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Posted by on in Children & Child Custody
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Campaign to tackle international parental child abduction

Recent figures released by the Foreign and Commonwealth Office (FCO) have shown a 10% increase in the number of new cases of children being abducted by a parent and taken to a country that is not party to the Hague child abduction convention.

 

The 1980 Hague Child Abduction Convention usually applies where a parent takes a child abroad without the consent of the other parent, or agreement of a court. The convention provides a procedure for the parent to apply for the return of the child, and a 'return order' will normally be issued. If a child is taken to a country that has not signed up to the convention, it is much harder for a parent to secure his or her return, as there are no international systems in place to help.

 

To highlight the growing problem, the FCO has launched a child abduction prevention campaign, which aims to inform parents about what they can do if they are worried their child is at risk.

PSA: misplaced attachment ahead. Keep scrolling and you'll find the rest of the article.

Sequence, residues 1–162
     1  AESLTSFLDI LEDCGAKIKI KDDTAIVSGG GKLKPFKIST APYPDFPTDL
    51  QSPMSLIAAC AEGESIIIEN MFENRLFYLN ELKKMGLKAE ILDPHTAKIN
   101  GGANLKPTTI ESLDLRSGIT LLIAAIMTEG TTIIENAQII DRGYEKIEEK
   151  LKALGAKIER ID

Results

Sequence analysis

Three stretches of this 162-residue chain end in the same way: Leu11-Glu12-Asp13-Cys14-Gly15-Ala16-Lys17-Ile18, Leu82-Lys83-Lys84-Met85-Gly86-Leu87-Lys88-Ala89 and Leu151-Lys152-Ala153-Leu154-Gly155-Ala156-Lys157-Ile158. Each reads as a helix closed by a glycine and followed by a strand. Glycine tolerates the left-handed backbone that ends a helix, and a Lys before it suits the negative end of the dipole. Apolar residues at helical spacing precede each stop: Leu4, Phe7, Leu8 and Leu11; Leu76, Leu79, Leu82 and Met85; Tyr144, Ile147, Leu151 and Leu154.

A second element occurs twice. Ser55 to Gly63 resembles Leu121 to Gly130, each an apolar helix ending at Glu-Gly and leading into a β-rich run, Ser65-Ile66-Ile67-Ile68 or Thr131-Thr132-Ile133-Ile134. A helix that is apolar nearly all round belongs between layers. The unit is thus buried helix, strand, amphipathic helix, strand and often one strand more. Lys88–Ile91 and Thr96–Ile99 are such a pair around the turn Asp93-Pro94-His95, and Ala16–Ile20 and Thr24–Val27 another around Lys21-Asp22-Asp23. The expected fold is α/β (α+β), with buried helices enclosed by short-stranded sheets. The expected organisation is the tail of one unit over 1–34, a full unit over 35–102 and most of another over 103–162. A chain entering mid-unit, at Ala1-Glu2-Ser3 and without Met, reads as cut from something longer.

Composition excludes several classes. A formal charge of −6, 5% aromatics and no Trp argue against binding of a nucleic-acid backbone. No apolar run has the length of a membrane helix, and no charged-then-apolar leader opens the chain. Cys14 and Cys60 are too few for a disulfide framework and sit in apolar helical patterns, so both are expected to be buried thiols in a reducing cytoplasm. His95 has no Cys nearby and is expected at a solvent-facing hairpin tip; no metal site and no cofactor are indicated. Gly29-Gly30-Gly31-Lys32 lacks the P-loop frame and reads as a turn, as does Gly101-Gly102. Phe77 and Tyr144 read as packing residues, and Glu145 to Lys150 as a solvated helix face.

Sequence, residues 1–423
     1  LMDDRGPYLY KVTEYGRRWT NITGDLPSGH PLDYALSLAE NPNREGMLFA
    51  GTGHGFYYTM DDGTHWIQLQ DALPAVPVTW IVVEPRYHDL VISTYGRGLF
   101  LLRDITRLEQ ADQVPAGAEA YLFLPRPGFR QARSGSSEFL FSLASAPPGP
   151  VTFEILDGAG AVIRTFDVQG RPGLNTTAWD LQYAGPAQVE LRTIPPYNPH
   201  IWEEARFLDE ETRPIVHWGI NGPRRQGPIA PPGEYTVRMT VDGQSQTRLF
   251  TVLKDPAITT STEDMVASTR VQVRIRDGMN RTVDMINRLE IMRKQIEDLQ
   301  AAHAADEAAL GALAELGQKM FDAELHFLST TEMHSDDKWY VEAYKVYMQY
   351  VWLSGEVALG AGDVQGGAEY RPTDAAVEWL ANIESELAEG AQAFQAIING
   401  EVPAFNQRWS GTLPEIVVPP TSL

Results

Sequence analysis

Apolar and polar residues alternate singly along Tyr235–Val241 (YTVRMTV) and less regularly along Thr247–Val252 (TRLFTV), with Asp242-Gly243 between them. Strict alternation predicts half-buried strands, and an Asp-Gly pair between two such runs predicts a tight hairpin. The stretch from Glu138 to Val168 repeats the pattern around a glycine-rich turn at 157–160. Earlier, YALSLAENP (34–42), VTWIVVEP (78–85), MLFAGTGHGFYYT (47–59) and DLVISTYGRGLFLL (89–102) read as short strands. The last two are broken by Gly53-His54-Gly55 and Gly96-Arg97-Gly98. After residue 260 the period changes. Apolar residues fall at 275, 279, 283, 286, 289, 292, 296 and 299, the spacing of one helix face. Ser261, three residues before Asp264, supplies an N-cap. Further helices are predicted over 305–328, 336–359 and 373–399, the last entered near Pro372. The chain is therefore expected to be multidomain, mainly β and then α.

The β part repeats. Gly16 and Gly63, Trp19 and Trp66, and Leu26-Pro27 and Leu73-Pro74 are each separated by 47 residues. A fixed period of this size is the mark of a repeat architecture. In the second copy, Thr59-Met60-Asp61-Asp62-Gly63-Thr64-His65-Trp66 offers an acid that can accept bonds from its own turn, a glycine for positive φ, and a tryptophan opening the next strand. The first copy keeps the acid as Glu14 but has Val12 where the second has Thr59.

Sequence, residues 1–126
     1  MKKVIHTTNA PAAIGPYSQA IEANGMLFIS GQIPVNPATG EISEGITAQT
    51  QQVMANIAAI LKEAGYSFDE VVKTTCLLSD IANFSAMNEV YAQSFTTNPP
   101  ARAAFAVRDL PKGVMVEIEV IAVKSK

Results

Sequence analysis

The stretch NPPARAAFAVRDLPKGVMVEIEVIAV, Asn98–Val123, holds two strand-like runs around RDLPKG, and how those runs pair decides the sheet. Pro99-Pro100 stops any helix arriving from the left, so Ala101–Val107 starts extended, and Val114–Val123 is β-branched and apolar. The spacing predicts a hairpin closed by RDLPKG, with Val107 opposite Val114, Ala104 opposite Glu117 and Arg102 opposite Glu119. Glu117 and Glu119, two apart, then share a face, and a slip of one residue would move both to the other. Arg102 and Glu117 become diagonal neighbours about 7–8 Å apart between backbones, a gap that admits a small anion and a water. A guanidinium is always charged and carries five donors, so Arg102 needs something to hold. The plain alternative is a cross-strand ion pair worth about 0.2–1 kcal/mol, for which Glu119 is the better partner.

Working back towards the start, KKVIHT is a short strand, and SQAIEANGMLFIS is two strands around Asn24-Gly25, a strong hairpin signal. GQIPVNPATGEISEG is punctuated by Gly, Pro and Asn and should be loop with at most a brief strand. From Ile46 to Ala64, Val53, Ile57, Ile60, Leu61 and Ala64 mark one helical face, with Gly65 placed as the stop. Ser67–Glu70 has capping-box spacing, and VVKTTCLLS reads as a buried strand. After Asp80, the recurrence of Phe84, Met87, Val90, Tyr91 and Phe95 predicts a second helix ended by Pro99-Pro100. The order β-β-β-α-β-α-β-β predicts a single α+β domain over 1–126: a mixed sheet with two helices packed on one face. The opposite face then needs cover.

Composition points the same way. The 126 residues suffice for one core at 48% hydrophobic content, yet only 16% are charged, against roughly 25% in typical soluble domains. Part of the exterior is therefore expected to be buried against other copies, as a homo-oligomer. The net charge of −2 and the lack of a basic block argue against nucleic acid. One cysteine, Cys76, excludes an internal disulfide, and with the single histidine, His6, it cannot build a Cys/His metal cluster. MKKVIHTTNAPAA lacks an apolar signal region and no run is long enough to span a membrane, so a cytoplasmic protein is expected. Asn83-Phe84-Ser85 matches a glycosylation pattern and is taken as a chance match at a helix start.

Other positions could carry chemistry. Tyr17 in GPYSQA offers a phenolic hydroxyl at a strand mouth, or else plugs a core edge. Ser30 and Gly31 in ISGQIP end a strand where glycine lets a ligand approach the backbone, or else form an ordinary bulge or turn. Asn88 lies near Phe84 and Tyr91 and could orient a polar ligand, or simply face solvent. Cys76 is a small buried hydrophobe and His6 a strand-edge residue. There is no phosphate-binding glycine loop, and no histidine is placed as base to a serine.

While it won't always be obvious that a child is at risk of parental abduction, there are a number of signs that parents should watch out for. According to Sharon Cooke, Advice Line Manager for Reunite International Child Abduction Centre: 

 

"The most obvious warning sign is a break down in a relationship but other signs may include a sudden interest in getting a passport or copy birth certificate for the child; a parent expressing a wish to holiday alone with the child; a change in circumstances such as leaving employment or redundancy, selling a house or giving up tenancy. There may also be a sudden change in contact arrangements or constant difficulty in being able to see the child."

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